But let’s think about a completely different regulatory environment – that of the FDA. These same six steps have to be part of the business model so that FDA inspections do not result in product recalls, FORM 483s or even Warning Letters. All three of these events entail reputational damage for the business. Not having these, or at worst only on a very exceptional basis, would indicate to the market that the business is indeed following an appropriate business model. In this case, the market perceives that the business produces quality products, and discloses in its labeling all relevant facts so that medical professionals and their patients can make informed decisions about their products. And this applies to the food industry as well. Consider the damage to Chipotle’s reputation and the impact this has had on their revenues.
So we again come to those few salient questions. Why wouldn’t a business deliver a quality product or service? And why would they not choose to do so consistently? The answer is really quite simple. Consistently delivering a quality product or service is not free. Doing so requires overheads such as maintaining documentation, continuing staff training, monitoring of business activities, and consistently reporting to management so their decision making is consistent with business performance. Ah yes, and those audits really are necessary to ensure there are no gaps and the business is consistently delivering quality to its customers. We believe that you inspect to get the expected!
Over the long term, a firm’s reputation strengthens as customers trust that the firm delivers quality in its current and new product offerings. This leads to more effective product introductions and quicker adoption by the target market. The net effect is that doing the right thing will, in the long term, increase the firm’s profitability which no doubt is in the interest of all stakeholders. But short term profits might suffer and that is the rub in this myopic financial world, especially for publicly traded companies.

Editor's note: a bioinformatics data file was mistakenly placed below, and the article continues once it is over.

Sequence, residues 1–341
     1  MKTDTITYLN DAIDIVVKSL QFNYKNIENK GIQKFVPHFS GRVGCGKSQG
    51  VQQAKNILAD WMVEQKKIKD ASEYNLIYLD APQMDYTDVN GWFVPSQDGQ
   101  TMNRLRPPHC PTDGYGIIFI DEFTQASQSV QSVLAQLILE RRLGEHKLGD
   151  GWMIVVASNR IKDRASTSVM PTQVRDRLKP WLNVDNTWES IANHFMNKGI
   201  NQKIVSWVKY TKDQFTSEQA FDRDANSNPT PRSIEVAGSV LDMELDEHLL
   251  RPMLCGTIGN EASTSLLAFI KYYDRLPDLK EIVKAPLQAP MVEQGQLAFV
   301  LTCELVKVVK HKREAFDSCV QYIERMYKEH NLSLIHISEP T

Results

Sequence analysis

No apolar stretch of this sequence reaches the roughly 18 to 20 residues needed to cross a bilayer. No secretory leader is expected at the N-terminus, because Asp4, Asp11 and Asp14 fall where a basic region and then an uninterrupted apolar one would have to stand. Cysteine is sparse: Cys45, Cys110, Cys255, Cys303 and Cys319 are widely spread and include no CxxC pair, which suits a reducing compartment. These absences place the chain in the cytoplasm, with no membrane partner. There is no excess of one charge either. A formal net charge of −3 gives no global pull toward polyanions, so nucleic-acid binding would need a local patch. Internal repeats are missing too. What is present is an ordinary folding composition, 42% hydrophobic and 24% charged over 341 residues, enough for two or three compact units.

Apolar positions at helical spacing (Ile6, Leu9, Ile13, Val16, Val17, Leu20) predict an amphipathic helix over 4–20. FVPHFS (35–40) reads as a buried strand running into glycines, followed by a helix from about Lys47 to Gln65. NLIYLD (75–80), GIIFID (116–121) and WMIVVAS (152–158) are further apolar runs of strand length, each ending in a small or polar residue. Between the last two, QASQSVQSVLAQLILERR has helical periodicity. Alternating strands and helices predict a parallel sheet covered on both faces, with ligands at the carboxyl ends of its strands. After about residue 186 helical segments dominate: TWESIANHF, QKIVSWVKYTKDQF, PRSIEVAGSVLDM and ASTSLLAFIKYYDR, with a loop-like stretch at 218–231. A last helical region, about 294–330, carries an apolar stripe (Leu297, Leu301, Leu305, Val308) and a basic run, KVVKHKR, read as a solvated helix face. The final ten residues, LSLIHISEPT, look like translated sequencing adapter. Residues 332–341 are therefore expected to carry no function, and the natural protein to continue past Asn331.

Oh yes, those overheads mentioned above. They reduce the near-term bottom line and therefore the bonus potential, i.e. bonuses of the current management. Cutting some of those overhead expenses means current management can participate in a larger bonus pool in the short term. And as tenure in managerial roles has reduced over time, what’s to worry about if it hits the fan three or four years down the road? The probabilities are that management change will have occurred and the new managers will have to clean up the mess – likely at greater expense than the cost savings chosen by the previous management – and the firm’s reputation will be damaged. Repairing reputational damage is always expensive, if it is even possible.
What happened at Wells? The head of the retail division that was responsible for opening over 2 million unauthorized accounts to meet sales targets retired in July with a package worth $125 million. This executive was lauded by the CEO as the embodiment of the firm’s culture and a champion for customers. When asked by the Senate Banking Committee if her past bonuses would be clawed back, not to mention his own, the CEO said he couldn’t comment on that as it would be determined by the Board. Time will tell whether the CEO survives and whether any bonuses are clawed back by the Board. Needless to say the reputational damage is perceived by investors who have marked down the bank’s shares. That, in addition to the $185 million fine are the costs being born by shareholders. Arguably all for increased short-term bonuses to management.